The Green Brigade is renowned for aligning with different progressive issues, including the Palestinian cause. Similarly, during Liverpool's recent derby game against city arch-rivals Everton, Palestinian flags were on display. Liverpool is considered to be historically a club of the working class, though its management is not. It is this power of the fans that had forced the FA to drop its idea of lighting Wembley with the colours of Israel.

There are many football clubs around the world that champion progressive ideas and chief among them is the cause of Palestine. In Chile, there is a club, Deportivo Palestino, that was established by Palestinian refugees who were forced to migrate after the establishment of Israel. This club stands not only for the Palestinian State, but also for the interests of the working class. This phenomenon – standing for working class, progressive causes, along with Palestine – can be found across these ‘Left-leaning’ clubs to call them as such for our convenience. Stewart McGill and Vincent Raison, associated with the Communist Party of Britain, capture this phenomenon in their highly informative book, ‘The Roaring Red Front’, published recently.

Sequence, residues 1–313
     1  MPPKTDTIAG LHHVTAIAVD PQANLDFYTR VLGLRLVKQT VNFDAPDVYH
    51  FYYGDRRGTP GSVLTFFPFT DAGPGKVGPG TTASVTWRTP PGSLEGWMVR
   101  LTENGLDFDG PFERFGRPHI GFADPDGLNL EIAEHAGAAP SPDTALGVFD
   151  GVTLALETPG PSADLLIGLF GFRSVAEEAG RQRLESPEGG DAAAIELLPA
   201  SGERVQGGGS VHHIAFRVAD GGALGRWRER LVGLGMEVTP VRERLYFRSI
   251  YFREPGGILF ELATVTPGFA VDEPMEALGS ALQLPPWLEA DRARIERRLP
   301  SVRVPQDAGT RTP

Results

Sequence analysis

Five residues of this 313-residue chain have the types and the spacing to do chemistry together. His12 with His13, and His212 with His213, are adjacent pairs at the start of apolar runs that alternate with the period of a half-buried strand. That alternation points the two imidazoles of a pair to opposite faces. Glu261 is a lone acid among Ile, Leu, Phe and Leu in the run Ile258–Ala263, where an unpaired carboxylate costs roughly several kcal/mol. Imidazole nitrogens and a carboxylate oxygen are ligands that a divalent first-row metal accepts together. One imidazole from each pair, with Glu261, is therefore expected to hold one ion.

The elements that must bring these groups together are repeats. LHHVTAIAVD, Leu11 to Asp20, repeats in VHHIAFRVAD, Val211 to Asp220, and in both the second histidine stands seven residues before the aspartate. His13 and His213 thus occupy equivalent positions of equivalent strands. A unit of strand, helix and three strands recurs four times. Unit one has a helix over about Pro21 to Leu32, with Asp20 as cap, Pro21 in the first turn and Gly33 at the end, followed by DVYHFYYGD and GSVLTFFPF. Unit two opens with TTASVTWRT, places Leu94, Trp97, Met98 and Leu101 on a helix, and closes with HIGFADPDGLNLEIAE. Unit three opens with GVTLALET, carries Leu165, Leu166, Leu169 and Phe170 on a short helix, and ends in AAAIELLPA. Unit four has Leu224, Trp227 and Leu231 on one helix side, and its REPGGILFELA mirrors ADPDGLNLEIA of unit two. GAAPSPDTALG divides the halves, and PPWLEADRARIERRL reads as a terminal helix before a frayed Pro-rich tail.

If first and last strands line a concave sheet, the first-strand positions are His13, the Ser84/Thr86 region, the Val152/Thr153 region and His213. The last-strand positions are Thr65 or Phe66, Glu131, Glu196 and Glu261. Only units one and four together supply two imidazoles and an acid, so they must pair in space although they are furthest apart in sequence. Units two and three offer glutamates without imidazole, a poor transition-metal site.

The essence of the experiences narrated in the book and what we notice from the reactions in solidarity with Palestine point out that humanity survives not only through its opposition to war and aggression, but also by standing against exploitation and oppression.

Left politics can try replicate such experiences in our country by substituting football clubs with cricket ‘franchises’/clubs that are springing up everywhere. Of course, cricket might not be a working class game as football is, but still. Stories abound where players are emerging from the most exploited and downtrodden in our country. It is time to challenge the corporate culture in sport and along with it, exploitation and oppression, starting with Palestine.